During our studies Professor Goldman also introduced me to the work of a scholar named Nechama Leibowitz. In the 1940s and 50s, Leibowitz created questions people could use to improve their Torah study, covering the parts of the Torah prescribed for each week. In the beginning she distributed sheets of these questions and then responded to any answers that were returned to her—though as demand grew she could no longer respond to everyone. I bought the five-volume collection of Leibowitz’s Studies and once again found myself learning much about my own religion from a Jewish scholar. She often went down paths that were completely unfamiliar to me, but even then she almost always made me think freshly about the passages under consideration.
In December 2003, the bloggers at Times & Seasons invited me to join them. Shortly thereafter I began writing blog posts made up of questions for that week’s Gospel Doctrine lesson patterned on what I’d learned from Professor Goldman and Leibowitz.
My forthcoming books The Doctrine and Covenants Made Harder, and The Old Testament Made Harder, and The Book of Mormon Made Harder (with The New Testament Made Harder in the works) are the outgrowth of those early efforts, which I’ve re-written and added to over the years. The titles reflect what I believe I’ve learned from my Jewish teachers: sometimes we make scripture study too easy. That doesn’t mean that the language is easy to understand. It doesn’t mean that there aren’t things that I need help understanding. It doesn’t mean that it’s easy to find time to really study scripture. It doesn’t mean that I never need help from books that explain things about the scriptures. Reading such books can be another way of entering into conversation with other people who are thinking about scripture. It can be a way for them to share their ideas with me and for me to learn things about scripture that I cannot know by myself alone.
Instead, saying that sometimes scripture study is too easy means that too often I come to the scriptures as if I already know what they teach. I read them and repeat to myself what I supposedly already know: “Nephi teaches us that the Lord will always make it possible to do what he commands,” “Nephite culture failed because it couldn’t escape the ‘pride cycle,’” “Paul and James disagree about the need for works,” “If we believe that Jesus’ commandment to be perfect (Matthew 5:48) is meant for this life rather than our life after-life, we will become neurotic and depressed,” and so on. Because I already know what the scriptures teach, I tend to hurry through them. Then, when I don’t learn anything new, I complain about how boring scripture study is. I don’t think about such things as the relationship between God’s commandments and his blessings, what specifically the Nephites were guilty of and how I know that, or whether I’ve really understood either Paul or James. I believe that when many people complain about how hard scripture study is, they often mean that it is too difficult for them to continue to learn. It has become too easy to, supposedly, know what the scriptures teach.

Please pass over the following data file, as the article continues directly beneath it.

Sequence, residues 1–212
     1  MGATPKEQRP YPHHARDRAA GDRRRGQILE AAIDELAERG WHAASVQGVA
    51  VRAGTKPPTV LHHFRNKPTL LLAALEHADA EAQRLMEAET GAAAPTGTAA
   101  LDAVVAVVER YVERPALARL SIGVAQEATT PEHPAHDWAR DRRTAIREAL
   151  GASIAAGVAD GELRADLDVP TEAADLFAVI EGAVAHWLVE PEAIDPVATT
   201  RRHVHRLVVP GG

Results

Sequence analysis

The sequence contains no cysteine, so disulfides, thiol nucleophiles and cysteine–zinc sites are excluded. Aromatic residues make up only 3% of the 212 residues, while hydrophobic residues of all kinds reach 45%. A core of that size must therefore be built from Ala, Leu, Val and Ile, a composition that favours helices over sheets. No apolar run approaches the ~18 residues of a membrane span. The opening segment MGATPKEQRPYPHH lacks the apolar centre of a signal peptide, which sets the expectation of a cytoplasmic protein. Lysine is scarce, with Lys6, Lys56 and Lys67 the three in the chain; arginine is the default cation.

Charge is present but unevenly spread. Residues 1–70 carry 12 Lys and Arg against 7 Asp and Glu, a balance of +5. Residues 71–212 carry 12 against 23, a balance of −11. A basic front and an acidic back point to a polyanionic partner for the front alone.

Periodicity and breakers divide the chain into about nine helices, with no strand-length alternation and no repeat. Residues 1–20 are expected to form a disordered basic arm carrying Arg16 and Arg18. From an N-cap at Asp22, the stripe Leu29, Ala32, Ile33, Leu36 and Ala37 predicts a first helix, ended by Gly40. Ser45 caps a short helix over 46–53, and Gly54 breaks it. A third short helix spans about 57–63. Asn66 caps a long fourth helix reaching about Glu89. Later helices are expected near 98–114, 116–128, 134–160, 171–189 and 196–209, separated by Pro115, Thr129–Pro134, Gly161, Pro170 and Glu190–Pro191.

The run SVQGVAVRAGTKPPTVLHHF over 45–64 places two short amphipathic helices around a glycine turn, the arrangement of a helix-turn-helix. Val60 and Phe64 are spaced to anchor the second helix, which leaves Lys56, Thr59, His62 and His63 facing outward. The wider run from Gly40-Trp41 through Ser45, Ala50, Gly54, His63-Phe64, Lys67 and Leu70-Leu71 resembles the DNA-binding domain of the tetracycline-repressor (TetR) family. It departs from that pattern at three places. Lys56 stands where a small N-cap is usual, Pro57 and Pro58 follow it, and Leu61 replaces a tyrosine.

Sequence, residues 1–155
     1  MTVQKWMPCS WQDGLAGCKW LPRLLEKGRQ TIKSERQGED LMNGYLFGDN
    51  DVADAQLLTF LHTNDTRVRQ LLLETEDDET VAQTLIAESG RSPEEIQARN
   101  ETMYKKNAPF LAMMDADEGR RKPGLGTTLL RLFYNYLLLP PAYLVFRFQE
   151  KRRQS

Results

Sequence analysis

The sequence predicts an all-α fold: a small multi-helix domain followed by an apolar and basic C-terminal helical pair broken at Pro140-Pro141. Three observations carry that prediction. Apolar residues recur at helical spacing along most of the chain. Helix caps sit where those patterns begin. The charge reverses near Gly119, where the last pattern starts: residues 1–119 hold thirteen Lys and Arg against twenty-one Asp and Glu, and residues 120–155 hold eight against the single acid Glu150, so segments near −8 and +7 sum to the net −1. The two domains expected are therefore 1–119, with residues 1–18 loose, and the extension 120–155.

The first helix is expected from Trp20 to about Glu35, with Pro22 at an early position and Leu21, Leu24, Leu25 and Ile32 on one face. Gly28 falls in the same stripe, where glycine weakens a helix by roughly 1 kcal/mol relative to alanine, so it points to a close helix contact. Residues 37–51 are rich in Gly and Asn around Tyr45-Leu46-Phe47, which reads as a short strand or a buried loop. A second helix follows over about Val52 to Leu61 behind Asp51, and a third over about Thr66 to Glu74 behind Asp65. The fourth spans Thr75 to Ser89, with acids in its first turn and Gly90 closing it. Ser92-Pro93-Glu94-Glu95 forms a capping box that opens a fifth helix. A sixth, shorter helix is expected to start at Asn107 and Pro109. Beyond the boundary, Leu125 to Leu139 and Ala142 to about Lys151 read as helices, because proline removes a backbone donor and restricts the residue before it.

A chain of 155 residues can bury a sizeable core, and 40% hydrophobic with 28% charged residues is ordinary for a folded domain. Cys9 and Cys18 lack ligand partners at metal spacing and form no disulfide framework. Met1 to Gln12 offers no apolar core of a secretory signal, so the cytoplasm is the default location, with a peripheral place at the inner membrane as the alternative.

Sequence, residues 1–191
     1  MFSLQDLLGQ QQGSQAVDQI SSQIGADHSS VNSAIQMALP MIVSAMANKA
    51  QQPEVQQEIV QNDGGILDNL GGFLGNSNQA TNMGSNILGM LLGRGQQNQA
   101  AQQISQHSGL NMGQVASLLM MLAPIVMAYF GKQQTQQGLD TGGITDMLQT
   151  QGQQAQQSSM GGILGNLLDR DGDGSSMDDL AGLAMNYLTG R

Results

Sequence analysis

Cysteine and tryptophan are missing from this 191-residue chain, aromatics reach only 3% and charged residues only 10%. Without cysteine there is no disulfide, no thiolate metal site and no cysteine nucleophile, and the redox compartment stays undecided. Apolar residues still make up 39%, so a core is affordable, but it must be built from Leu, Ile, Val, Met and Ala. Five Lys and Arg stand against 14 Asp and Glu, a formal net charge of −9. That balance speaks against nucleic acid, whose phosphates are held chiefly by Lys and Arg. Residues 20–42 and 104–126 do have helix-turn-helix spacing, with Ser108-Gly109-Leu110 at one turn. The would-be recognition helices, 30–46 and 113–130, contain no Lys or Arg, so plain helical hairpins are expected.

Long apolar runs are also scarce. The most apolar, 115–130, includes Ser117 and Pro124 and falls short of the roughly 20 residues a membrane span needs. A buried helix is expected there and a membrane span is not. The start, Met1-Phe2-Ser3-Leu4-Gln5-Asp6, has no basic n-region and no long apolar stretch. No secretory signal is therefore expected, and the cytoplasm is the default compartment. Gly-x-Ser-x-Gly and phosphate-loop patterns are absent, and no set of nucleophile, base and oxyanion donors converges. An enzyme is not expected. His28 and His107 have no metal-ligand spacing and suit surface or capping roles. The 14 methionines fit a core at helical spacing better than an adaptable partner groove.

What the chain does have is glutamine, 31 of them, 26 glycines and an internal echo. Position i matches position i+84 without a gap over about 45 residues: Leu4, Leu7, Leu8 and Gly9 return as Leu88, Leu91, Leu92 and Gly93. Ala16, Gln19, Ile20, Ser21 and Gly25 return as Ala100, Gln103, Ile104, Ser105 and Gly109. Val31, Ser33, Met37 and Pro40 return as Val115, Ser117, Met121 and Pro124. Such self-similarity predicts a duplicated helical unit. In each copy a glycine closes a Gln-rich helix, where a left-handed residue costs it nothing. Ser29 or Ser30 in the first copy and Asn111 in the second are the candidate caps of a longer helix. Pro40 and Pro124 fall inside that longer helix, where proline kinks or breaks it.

I believe the best solution we have for this problem is to make the scriptures harder by finding ways of slowing us down as we read by giving us things to think about. This will help us see things we’d not seen before and learn from what we see. That is the goal of this series. The “Made Harder” books are not written in the sort of narrative or commentary format you may be familiar with and they aren’t intended to be read independently straight through—you’ll need your scriptures at hand. The books in this series are mostly questions…with very few answers. Occasionally I give historical background if I think that will help, though I only give an amateur’s overview. There are a few linguistic or grammatical helps for difficult passages, equally the work of an amateur. Sometimes I give alternate translations to help make the reading more clear. But those are not the point of these books. For the most part I ask question about specific details, hoping that those questions will help readers have an experience with the scriptures somewhat like the experience that I had reading with Professor Goldman and Leibowitz: an exciting and eye-openingly fresh engagement with our sacred scriptures.
In the end, the goal is that readers will come up with their own questions. With some guidance and a little practice, I hope readers of these books will be able to make the scriptures harder on their own.